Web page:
“In Jamaica, much use is made of fresh peppers,” writes Norma Benghiat, author of Traditional Jamaican Cookery, “the most highly esteemed hot pepper being the ‘Scotch bonnet’, which has a wonderful perfume and flavour.” She adds, tantalizingly: “In recent times a Scotch bonnet pepper has been developed which retains the aroma and flavour, but is not hot.” According to another source, this mystery pepper, also called “seasoning pepper,” is mildly pungent and remains green, never maturing to orange or red.
We tried to track down this pepper during several trips to Jamaica, and at first we thought we had found it: the “country pepper,” as it’s called. But the more we asked people to distinguish among the varieties, the more we became caught up in a confusion over names.
According to vendor Bernice Campbell in the Ocho Rios market, country peppers are more elongated than Scotch bonnets, and have more flavor. With a typical pepper contrariness, cook Betty Wilson disagrees. While serving us fricasseed chicken and grilled parrot fish at a stream- side picnic on the Rio Grande near Port Antonio, she claimed that Scotch bonnets are not as hot as country peppers but are more “flavored.” Our room attendant at Ciboney Resort, however, insisted that no, Scotch bonnets were hotter than country peppers. And habanero grower Graham Jacks wrote to us that “one of these country peppers is a deep brownish purple when ripe, and is truly ferociously hot; much hotter than the Scotch bonnet.”
To add to the confusion, a variety called Jamaican Hot occasionally appears in pepper literature. Author and chef Mark Miller, in his guide The Great Chile Book, describes it as “smaller than the habanero but similar in shape.” It is possible that this variety is the same as the West Indian Hot mentioned by Jean Andrews, but pepper importer Joe Litwin told us that the “hots” are generic terms used in the United States but not in Jamaica.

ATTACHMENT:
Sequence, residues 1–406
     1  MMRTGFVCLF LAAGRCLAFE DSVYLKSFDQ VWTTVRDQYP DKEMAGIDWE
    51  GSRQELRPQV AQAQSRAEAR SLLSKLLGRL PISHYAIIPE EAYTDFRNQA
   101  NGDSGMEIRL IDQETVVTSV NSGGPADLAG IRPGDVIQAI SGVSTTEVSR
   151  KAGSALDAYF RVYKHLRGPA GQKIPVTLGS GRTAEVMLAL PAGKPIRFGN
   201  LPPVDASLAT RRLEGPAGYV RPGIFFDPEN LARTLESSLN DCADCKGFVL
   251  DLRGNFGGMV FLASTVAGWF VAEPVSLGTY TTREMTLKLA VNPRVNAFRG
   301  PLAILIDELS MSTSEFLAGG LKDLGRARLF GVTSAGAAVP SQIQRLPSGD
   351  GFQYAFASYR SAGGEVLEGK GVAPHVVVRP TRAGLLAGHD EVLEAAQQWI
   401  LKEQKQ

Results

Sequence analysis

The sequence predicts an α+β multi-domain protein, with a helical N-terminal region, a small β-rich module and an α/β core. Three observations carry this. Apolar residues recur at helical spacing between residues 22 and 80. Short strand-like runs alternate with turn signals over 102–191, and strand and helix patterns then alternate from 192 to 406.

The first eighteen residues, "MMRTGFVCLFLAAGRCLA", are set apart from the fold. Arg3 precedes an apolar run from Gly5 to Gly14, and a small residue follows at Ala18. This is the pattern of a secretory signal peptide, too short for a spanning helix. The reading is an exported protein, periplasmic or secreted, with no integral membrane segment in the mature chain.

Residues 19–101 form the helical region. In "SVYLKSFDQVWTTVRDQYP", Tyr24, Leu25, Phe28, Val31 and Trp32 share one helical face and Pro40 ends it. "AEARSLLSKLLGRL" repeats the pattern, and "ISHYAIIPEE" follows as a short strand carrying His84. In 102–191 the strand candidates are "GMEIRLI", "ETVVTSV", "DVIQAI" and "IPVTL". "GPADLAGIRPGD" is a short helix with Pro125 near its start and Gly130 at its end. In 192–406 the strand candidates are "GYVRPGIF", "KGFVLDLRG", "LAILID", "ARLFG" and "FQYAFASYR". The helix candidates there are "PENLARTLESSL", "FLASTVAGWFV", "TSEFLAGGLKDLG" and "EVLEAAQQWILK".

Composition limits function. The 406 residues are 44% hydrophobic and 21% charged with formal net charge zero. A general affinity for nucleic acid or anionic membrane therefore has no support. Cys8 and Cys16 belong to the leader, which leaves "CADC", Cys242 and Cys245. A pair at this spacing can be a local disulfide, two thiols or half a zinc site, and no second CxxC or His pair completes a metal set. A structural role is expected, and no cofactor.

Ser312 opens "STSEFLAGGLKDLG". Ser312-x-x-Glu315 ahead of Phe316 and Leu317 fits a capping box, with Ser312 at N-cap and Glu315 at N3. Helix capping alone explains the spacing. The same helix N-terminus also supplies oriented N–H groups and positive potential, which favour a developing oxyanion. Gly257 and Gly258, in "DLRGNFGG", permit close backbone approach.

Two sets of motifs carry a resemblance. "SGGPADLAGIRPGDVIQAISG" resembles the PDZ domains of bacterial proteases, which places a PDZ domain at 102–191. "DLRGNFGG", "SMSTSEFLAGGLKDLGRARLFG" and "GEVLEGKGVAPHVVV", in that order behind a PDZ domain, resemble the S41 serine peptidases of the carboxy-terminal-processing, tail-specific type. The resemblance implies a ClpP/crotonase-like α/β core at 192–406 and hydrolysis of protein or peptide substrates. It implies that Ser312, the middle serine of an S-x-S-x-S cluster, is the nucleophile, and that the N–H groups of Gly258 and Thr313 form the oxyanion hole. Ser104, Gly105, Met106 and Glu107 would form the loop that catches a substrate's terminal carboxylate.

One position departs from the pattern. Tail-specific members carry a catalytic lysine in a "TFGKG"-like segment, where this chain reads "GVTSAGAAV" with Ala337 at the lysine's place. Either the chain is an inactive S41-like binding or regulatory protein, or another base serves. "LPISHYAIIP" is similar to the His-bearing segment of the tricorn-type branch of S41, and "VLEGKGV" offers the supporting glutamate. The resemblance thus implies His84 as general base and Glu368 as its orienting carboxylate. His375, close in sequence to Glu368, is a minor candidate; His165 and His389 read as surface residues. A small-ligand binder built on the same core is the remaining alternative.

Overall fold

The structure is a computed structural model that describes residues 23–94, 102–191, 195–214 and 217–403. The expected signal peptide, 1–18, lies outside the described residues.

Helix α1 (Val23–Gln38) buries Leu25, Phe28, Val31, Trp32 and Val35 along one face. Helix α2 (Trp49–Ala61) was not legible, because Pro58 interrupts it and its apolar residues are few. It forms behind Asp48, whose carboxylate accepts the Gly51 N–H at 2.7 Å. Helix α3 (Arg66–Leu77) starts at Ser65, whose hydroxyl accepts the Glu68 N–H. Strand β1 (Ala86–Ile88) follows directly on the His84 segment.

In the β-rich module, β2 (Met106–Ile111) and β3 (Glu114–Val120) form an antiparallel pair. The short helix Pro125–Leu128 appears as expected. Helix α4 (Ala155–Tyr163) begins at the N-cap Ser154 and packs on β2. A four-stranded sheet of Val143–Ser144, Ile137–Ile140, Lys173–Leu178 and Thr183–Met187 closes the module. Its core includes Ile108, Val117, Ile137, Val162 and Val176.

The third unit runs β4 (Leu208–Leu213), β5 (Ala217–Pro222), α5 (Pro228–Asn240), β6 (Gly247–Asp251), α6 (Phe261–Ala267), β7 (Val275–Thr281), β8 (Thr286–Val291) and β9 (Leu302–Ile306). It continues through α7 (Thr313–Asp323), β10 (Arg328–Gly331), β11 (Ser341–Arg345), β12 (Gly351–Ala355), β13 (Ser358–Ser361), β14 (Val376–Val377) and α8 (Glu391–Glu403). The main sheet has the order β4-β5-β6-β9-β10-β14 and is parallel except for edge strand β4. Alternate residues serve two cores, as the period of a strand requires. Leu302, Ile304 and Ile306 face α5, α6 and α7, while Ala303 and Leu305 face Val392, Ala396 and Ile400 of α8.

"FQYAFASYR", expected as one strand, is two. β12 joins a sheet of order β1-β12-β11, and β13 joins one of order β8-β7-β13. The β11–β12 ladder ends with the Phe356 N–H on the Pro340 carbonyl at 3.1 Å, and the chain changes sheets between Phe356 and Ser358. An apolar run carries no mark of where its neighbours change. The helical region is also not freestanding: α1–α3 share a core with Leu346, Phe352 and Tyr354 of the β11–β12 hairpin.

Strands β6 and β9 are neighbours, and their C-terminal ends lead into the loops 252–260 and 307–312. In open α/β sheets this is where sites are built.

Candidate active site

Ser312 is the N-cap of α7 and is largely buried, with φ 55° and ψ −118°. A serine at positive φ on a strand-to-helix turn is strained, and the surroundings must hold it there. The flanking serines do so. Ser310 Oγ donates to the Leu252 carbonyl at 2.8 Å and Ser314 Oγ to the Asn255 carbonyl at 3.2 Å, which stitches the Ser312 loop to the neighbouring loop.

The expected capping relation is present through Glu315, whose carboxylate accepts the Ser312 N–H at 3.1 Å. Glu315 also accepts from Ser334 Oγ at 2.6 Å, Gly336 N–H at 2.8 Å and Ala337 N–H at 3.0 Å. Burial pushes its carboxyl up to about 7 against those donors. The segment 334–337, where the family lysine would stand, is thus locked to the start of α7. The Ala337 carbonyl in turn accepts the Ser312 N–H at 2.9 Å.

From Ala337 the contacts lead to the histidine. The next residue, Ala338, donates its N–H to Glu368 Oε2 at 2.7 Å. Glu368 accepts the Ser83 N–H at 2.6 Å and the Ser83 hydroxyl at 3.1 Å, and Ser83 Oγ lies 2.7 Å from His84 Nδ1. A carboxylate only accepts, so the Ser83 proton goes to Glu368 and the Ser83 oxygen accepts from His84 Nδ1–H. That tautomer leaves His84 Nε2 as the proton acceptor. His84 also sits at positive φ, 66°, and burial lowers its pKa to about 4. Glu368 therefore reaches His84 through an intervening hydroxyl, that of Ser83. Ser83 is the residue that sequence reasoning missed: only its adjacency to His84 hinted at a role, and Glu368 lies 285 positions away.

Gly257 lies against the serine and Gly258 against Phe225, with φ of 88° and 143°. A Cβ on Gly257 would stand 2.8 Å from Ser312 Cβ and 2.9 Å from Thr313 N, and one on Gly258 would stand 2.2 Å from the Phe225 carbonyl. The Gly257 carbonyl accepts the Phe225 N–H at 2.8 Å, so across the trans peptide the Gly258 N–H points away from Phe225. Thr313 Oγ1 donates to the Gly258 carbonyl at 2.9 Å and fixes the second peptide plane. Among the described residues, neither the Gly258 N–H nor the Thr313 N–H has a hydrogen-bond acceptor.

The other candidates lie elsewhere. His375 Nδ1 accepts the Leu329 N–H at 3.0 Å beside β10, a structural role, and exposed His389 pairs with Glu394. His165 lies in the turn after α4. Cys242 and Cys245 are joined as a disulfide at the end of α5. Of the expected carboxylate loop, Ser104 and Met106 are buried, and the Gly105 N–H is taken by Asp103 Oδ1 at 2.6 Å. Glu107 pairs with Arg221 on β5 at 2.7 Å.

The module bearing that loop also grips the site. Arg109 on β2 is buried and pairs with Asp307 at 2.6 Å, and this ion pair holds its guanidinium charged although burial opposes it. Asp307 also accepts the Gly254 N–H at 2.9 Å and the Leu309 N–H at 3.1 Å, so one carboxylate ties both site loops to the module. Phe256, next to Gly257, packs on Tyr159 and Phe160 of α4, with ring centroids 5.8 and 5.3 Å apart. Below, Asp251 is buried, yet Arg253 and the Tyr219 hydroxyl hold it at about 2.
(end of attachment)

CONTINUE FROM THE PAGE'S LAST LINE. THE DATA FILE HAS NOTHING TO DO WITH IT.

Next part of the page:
According to Litwin, who imports Jamaican peppers through his KAL International Company, there are two kinds of Scotch bonnet: One is green and matures to yellow; it is very common and is usually called Scotch bonnet. The other is a red pepper in the same shape, which is termed “country pepper.” Large, red, habanero-shaped pods are also called country pepper and are probably Congo pepper imports from Trinidad.
A search of the 1994 edition of Seed Savers Yearbook revealed common names of cultivated varieties to be Jamaica Large Red, Jamaica Orange, Jamaica Small Red, and the appellation Scotch bonnet with the descriptors “orange,” “yellow,” and “red” added. Not surprisingly, we remain confused about country peppers, seasoning peppers and Jamaica hots, but we have solved the country pepper mystery. On a subsequent trip to Jamaica, our guide David Brown told us that it would be confusing to ask Jamaicans to compare country peppers with Scotch bonnets because “Scotch bonnets are country peppers but not all country peppers are Scotch bonnets.” That momentarily baffled us, but he continued, “Country pepper is just a general term for garden peppers. Any cultivated pepper is a country pepper. That term distinguishes them from black pepper or pepper sauce.”
Joe Litwin, incidentally, started growing Scotch bonnets in Jamaica in 1991; he had previously cultivated organic sugar cane. He has twenty- five acres under cultivation in various parts of Jamaica and he also utilizes contract fields. There is no way to estimate total Jamaican production, Joe told us, but his company imports the fresh pods into the United States at the rate of three to four thousand pounds a week, and because of fears of drug loads being smuggled along with the peppers, Joe or one of his employees personally oversees the loading of every shipment of Scotch bonnets onto the plane. He also manufactures a line of products under the Jabeba House house brand, including Scotch Bonnet hot sauces in red and yellow, and jerk sauce.
Editor’s Note: This excerpt comes to you from Dave DeWitt’s The Habanero Cookbook, which you’ll find hereEditor’s Note: This excerpt comes to you from Dave DeWitt’s The Habanero Cookbook, which you’ll find here.